Seattle Mariners Need to Make Trade Decisions, Fast

Bleacher ReportAnalyst IJuly 30, 2008

The Seattle Mariners Baseball Club has been through many tough times as a ball-club. Entering Major League Baseball in 1977, their first winning season came in 1991, 14 years after their inception.

Even though the glimmer of hope was there, their 83-79 record in 1991 was only good enough to finish fifth place in the seven team American League West, in which, no team finished under .500. Even after their manager Jim Lefebvre led them to the franchise's first winning record, he was let go. He was replaced by Bill Plummer, for the 1992 season, but he was let go as well after a 98-loss campaign.

Then, things started to change. The Mariners hired manager Lou Piniella, who led the Cincinati Reds to a World Series Title in 1990. The Mariner's fortunes started to improve in 1994.

Beginning in the late 1980s, the team had added a strong corps of players, built around center fielder Ken Griffey Jr., pitcher Randy Johnson, third baseman Edgar Martinez, and right fielder Jay Buhner. This translated into the huge success the Mariners enjoyed in the 1995 season.

This season however was marked by early troubles. Even so the Mariners had a late season win streak that gave them the slogan "Refuse to Lose." They ended the season tied with the California Angels for first place in the American League West, and won the one-game playoff for the American League West's playoff spot. The Mariners then had their work cut out for them, having to face the New York Yankees in the ALDS

Even against the odds, the Mariners beat the Yankees in five games 3-2, and advanced to the ALCS against the Cleveland Indians, the eventual American League Champion, and lost in 4 games to 2.

Since the 1995 season, the Mariners have won the division twice, and gotten the Wild Card spot once. The Mariners have been considered being in a rebuilding phase since 2004. They are currently in dead last in the American League West, 25 games out of first place.

It is very improbable that the Mariners will win the Division, or get the Wild Card Spot, so changes must be made now if the Mariners want to contend for the playoffs next year. The AL West has been dominated by the Los Angeles Angels of Anaheim for the last half decade.

The biggest question for the Mariners is what should they do to get started. This has already started.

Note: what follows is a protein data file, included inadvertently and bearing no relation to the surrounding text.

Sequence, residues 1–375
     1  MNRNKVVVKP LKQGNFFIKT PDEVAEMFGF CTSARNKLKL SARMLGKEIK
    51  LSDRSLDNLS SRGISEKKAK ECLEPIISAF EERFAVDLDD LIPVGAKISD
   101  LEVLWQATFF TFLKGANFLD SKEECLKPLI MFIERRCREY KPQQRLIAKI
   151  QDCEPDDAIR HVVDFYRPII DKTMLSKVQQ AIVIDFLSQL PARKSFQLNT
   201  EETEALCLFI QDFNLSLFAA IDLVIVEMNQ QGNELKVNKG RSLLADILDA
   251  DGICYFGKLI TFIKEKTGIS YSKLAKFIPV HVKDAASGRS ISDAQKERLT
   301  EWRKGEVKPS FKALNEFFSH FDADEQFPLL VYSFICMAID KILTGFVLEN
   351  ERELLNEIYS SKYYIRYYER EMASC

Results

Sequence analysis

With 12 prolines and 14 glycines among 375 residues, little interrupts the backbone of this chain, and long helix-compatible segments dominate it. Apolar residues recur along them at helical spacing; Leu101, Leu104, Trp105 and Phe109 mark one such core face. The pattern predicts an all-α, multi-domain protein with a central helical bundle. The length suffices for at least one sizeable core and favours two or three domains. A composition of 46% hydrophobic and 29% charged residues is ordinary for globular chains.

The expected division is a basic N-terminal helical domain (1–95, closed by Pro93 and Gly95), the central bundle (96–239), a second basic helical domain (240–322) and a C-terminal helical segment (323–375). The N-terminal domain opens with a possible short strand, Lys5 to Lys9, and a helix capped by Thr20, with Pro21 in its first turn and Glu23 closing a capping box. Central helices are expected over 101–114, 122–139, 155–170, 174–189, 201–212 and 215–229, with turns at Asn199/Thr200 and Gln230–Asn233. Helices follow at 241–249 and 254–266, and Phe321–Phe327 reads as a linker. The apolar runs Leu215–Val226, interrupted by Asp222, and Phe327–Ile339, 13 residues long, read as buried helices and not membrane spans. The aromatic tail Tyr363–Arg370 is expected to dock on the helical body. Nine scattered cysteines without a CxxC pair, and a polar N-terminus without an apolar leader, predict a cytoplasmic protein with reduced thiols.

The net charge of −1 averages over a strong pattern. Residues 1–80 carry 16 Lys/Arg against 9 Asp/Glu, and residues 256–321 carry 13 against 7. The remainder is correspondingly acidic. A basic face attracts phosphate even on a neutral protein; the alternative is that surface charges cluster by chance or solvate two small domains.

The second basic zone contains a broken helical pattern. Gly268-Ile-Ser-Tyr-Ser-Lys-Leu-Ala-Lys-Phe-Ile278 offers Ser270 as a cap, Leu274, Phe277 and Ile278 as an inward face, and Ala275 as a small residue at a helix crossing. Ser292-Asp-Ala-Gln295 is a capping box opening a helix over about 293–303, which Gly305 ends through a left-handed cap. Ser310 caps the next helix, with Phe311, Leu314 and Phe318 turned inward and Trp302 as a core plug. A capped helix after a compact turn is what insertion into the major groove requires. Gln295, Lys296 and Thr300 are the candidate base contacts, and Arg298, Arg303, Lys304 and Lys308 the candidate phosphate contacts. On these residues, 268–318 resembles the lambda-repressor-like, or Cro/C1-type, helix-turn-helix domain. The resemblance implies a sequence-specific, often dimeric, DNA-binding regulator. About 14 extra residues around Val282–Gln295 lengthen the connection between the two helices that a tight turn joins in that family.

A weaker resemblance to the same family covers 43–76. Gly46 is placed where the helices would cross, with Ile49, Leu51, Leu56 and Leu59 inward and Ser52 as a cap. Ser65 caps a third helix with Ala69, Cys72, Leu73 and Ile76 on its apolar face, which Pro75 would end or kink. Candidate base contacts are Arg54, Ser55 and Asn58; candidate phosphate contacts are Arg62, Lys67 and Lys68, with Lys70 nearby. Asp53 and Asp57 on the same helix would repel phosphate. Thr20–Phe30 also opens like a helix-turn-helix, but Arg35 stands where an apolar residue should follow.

The Mariners have rid themselves of their most overpaid player, Richie Sexson, who they have released, but because he cleared the waivers, they are still stuck with his salary, which was huge. A baseball version of Darius Miles, formerly of the Portland Trail Blazers, except without the injuries, Sexson just plain sucks.

The Mariners traded for Craig Wilson, a first baseman/outfielder in the Pittsburgh Pirate's farm system, for a player to be named later, which I still have never heard about.

The Mariners have called up Brian LaHair from Triple-A Tacoma to play first. There have been trade talks that have stalled on Adrian Beltre and Raul Ibañez. Adrian and Raul have started to pick up momentum. The only question though, is how long it will last.

In my opinion, the Mariners have two options for rebuilding. The can either be like the Tampa Bay Rays, and wait for nine or so years until they have enough talent from the drafts to actually compete, or, if the Mariners would prefer instant success, they could trade some players before tomorrow.

The Yankees have been interested in Jarrod Washburn, who has a less than a 2.65 era in his last seven starts, but talks since have stalled.

They also need to somehow get rid of Erik Bedard, once he's healthy, otherwise, we won't get anything for him.

For the Mariners to truly start rebuilding their team, they need to get numerous young talented players, and fast. The only possible way I see for this, is to trade their two best stars, Ichiro and Felix Hernandez.

I know, they are probably the only reasons that fans come to the games, but if we trade these two players we could possibly be looking at 9-10 top minor league prospects, if the deals are done correctly. Then the Mariners could start rebuilding from square one, realigning their whole team, and maybe, just maybe, contend for the AL West in a few years, maybe as close as 2009.